On his way to the British town of New Braybourne, where he is supposed to be studying art, twenty-year-old William (Willie) Banks hitchhikes to save money, instead of taking the train. (This story is set in the 1970s, when hitchhiking was still common, although already in decline.) Willie’s journey with Alf, the driver who picks him up, seems pleasant enough, but when they arrive in New Braybourne, it’s late. Too late to expect that Willie’s new landlady, only spoken to over the phone, would still be up and willing to let him in. Alf makes an offer: if Willie will save Alf some time by delivering a package to Alf’s sister’s flat, a few blocks from the middle of town, Willie can spend the night there. Alf’s sister and brother-in-law are away; all Willie has to do is lock up in the morning and drop the spare key in the letter box. Willie agrees. Alf drops him off in the middle of town with his suitcase and the package, and hurries on his way home.
Willie looks for the flat but misses a landmark, and asks the first pedestrian he sees—Calli, a young woman on her way home from a dance club—for directions. Interest sparks between the two. He tells her what he’s doing, and she smells something fishy—who trusts a total stranger enough to let them spend the night alone in their, or their sister’s, flat? She convinces him it’s not a good idea to spend the night there, although she’s not certain why. Together, they deliver the package and continue on to her flat, where he spends the night on her sofa. (Who trusts a total stranger…? Hmm. Anyway, the romance in this story is squeaky clean.)
In the morning, the news reports a fire in the flat they delivered the package to, and that a body, charred beyond recognition, was found after the fire was extinguished. The police think that the dead man is Alf’s brother-in-law, Stan Bastable. Stan was a fugitive, wanted for his part in a successful bank burglary a few years earlier. The money was never recovered, and with rumours flying in the criminal underworld that Stan was back in town, the other men involved in the theft and several members of a London-based organised-crime family have converged on New Braybourne. They, plus his abandoned wife, all want a share in the stolen fortune.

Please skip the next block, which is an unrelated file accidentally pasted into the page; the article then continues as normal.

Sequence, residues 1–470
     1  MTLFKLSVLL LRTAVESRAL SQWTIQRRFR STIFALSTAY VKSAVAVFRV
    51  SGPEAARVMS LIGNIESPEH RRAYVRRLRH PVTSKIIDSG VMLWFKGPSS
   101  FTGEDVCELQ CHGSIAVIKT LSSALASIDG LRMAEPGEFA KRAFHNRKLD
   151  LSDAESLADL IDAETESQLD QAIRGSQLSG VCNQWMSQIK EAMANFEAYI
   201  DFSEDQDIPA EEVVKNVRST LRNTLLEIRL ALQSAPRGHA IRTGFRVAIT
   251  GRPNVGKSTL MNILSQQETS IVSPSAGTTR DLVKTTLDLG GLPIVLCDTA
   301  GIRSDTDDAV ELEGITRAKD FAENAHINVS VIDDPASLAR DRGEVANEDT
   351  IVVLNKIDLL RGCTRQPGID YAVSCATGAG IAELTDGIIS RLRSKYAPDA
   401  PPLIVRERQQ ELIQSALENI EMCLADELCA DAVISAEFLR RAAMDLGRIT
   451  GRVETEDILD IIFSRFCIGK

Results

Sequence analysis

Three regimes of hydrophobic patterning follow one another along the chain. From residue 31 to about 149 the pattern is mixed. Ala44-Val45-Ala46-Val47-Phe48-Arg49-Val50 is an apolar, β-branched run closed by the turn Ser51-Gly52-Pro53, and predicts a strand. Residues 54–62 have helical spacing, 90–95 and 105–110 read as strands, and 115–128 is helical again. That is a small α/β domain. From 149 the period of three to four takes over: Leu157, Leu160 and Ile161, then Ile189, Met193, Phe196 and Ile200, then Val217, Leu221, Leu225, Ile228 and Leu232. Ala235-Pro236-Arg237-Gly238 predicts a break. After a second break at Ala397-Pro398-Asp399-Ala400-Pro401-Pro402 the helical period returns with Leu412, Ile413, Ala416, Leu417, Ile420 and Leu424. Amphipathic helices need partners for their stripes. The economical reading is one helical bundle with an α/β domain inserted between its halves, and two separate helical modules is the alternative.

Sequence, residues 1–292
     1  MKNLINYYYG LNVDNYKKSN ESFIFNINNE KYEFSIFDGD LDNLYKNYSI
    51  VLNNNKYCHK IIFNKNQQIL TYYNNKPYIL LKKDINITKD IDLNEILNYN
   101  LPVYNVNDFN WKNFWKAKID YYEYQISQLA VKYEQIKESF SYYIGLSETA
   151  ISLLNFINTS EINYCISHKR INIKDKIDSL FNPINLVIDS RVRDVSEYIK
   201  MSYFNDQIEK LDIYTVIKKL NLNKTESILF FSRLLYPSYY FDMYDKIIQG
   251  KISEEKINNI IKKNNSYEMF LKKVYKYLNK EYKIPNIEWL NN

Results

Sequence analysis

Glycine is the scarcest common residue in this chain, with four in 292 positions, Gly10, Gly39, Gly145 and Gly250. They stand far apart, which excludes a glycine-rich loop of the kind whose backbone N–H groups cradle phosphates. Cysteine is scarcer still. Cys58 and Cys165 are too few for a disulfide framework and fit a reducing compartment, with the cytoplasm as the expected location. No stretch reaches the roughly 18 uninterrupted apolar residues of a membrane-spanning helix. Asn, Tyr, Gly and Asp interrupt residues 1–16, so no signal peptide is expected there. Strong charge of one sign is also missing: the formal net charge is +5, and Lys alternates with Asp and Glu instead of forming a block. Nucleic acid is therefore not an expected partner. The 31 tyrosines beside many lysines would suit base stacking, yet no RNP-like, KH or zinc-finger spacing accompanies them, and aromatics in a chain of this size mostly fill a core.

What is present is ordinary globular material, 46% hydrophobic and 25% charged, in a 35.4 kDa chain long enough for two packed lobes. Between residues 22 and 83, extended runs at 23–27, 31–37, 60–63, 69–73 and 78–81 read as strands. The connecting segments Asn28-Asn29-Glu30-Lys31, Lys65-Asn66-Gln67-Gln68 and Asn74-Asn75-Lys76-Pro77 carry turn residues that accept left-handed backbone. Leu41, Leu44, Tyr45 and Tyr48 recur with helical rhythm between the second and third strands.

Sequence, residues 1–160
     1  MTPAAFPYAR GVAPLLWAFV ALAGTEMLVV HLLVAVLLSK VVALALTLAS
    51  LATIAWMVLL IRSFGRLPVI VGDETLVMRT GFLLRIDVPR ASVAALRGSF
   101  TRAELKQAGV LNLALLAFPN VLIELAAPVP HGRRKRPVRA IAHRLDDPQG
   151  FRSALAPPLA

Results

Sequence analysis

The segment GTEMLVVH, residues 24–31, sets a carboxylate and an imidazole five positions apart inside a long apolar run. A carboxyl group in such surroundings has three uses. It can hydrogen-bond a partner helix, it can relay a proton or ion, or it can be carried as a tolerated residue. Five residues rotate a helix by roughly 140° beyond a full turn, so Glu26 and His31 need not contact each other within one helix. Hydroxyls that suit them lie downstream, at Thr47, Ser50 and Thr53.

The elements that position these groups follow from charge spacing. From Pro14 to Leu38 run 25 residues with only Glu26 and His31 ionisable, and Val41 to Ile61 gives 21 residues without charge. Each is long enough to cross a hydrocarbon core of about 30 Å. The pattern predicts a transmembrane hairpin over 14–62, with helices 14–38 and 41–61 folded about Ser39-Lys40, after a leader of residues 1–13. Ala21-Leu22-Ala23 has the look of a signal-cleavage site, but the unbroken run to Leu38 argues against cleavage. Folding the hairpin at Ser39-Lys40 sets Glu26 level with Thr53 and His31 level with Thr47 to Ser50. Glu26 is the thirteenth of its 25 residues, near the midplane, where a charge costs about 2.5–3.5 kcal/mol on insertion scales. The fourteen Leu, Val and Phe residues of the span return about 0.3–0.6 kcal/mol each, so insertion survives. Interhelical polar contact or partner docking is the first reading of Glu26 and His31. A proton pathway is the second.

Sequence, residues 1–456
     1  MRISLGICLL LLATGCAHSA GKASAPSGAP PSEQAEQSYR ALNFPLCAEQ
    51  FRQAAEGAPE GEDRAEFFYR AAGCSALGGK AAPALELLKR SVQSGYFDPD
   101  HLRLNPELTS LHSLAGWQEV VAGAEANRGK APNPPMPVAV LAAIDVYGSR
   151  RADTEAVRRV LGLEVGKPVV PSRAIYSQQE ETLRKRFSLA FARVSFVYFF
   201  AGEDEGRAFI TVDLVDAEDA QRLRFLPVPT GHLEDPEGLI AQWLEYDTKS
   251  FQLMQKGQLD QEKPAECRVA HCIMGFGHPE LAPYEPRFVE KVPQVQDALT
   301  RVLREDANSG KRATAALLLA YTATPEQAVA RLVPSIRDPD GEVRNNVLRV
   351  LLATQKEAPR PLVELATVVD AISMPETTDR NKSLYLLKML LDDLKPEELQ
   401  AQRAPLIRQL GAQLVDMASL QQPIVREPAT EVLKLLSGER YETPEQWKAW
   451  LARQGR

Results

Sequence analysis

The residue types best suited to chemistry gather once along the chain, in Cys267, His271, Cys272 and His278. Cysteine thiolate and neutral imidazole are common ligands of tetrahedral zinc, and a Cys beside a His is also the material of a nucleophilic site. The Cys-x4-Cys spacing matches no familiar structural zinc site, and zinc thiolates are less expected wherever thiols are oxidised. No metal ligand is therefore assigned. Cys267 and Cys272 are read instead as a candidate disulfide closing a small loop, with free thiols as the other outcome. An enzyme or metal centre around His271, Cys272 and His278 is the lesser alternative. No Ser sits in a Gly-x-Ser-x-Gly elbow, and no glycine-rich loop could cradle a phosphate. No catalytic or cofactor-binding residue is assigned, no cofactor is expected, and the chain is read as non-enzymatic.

Willie and Callie, of course, go to the police, after realising that the package they delivered was probably the incendiary device. The fire was carefully planned to make the police think that Stan was dead, and Willie was supposed to have been the dead body. But then, who really was the victim of the fire? And is Willie in danger, if Alf discovers that he is still alive?
Ellis Peters is better known for her series of Brother Cadfael medieval mysteries, but Never Pick Up Hitch-Hikers is a standalone novel in a more modern setting, contemporary with the 1970s, when it was published. The story is nicely plotted, but once the question of the identity of the dead body is answered, it isn’t much of a mystery. We’re shown who commits murder, and why, as the story progresses. The unanswered questions become: Where is the stolen money hidden? Who will find it first, Stan or Willie? And if Willie finds it before the thieves do, will he survive?
Despite gunshots and stabbings (thankfully not gory), this isn’t much of a thriller, either. In fact, it feels more like a farce, with swapped handbags, mistaken identities, a confused landlady, and our two innocents, Willie and Calli, stumbling onto important clues. There is a nighttime procession of criminals and police through the town’s streets and back alleys, and a wonderfully comic encounter in a restaurant between most of the players, not all of them aware of who the others are.
It is, in short, a quick, easy, lightweight story, though somewhat old-fashioned, with several memorable characters and a sweet romance. What more can one ask for in entertainment?